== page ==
The Real SUPERSHERO “Seema Dhaka”

Sunny is a Journalism & Mass Communication graduate from Delhi. Currently pursuing a PG Diploma in PR, Media and Event Management from New Delhi YMCA, he loves to write, post food pictures on his food IG blog and sometimes sing very terribly. But where he scores brownie points are helping poor people, being a “human” panda, and following the best writers on Instagram.   


The Real SUPERSHERO – Seema Dhaka

– Sunny Moudgil


A mother on her own,  a head constable with the Delhi Police rescued many children from various parts of India, thus saving fellow mothers from the agony of losing their children forever. What makes her achievement special is that she did a record tracing in just three months, earning her an out-of-turn promotion from Head Constable to Assistant Sub-Inspector (ASI). Her husband, a Head Constable himself, and her family support her as she continues her rescue work.


Seema Dhaka, a head constable with the Delhi Police, recently became the first police officer to be given an out-of-turn promotion for her rigorous and unending work of tracing children in a short span of time. Dhaka, now an Assistant Sub-Inspector, was rewarded for tracing a record 56 children below the age of fourteen in just three months as against the compulsory 50 in a year and united with their families.

In total, she has saved 76 minors, out of which 56 are below the age of 14 and 20 are in the age bracket of 14 to 16. Dhaka, aged 33, was felicitated by Delhi Police commissioner SN Shrivastava on Wednesday for her act of bravery. The police chief, on August 7th, had announced additional incentives that includes out-of-turn promotion, for any constable who would rescue 50 or more missing children below the age of 14 within a year.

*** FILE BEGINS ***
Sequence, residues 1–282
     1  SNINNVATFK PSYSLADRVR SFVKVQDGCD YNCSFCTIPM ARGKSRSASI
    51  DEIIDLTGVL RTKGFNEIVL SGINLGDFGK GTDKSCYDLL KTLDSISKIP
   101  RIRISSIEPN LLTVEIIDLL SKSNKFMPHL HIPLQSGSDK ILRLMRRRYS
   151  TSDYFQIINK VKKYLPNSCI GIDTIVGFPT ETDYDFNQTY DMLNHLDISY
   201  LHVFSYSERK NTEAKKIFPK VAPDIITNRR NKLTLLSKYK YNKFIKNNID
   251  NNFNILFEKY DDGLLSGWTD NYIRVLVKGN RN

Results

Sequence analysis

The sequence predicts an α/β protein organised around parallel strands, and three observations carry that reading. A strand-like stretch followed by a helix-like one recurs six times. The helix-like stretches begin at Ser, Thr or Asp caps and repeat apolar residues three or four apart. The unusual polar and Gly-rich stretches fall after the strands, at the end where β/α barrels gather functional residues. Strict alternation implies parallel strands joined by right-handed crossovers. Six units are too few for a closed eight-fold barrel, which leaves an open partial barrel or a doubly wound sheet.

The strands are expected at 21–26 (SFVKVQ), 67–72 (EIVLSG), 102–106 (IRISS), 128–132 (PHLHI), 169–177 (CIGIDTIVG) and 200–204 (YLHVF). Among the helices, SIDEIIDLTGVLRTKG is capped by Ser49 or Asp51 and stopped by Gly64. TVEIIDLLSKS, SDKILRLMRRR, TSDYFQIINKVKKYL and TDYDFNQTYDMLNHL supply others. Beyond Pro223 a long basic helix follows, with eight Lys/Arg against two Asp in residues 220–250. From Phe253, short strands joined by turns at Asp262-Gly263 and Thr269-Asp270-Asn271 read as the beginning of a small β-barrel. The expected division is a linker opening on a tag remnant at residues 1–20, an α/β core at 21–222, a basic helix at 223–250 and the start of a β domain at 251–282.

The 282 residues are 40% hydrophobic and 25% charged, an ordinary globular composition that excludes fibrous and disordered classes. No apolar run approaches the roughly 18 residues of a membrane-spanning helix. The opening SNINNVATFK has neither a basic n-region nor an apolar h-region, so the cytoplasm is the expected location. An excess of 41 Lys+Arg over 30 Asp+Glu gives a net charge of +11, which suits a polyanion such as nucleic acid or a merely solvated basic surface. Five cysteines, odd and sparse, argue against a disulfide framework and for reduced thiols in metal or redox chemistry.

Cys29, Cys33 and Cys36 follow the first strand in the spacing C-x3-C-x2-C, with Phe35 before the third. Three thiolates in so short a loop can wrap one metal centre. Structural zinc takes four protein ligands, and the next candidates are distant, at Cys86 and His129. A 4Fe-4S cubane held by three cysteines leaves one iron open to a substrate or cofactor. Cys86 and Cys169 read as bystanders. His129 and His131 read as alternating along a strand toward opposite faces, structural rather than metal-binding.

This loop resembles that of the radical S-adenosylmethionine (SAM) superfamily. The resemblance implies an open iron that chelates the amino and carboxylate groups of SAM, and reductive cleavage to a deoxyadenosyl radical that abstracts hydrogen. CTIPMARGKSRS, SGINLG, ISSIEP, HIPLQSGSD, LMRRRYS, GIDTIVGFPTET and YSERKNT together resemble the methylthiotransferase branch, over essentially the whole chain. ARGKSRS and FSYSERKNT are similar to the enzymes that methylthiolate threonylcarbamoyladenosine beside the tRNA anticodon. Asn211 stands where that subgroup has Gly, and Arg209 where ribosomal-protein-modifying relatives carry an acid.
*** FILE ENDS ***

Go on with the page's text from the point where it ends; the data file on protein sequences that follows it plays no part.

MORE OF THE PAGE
Also, an Asadharan Karya Puraskar was announced for any constable or head constable who would save 15 or more missing children below the age of 14 years – including five lower than eight years – within a year.  


Seema Dhaka had her most challenging case in West Bengal, from where she had to save a seven-year-old who went missing for five years from his home in Aman Vihar, near Rohini. She had to reach the child in a flood-hit area by crossing two rivers, with the assistance of the state police. She says that it was difficult to reach him, for the area was vast, having 134 police stations. After finding the child, she took him to a hotel, fed him food and made him watch TV, after which he shared his ordeal of how he left his home as his stepfather rejected him and would often beat him up.

Dhaka, a graduate hailing from UP’s Baghpat, feels lucky to have a husband and family that supports her. And her husband is a head constable posted in Rohini. She joined the force way back in 2006, and after giving exams five years later on, she became a Head Constable. Now promoted as Assistant Sub-Inspector, she laughs about her getting a higher rank than her husband, and her relatives joking about the same. 

After her promotion, she was stationed in the South East and remained there till 2012, was transferred to Outer District in 2012 and then to Rohini, and later on to Samaypur Badli police station in Outer North area. 

Seema Dhaka’s selfless continuous service has acted as a catalyst in the making of women and children friendly India. She is continuing her journey of rescuing children and uniting them with their families. Her dedication towards the safety of children should inspire all of us to help people in distress. 




The views expressed are those of the writer. 



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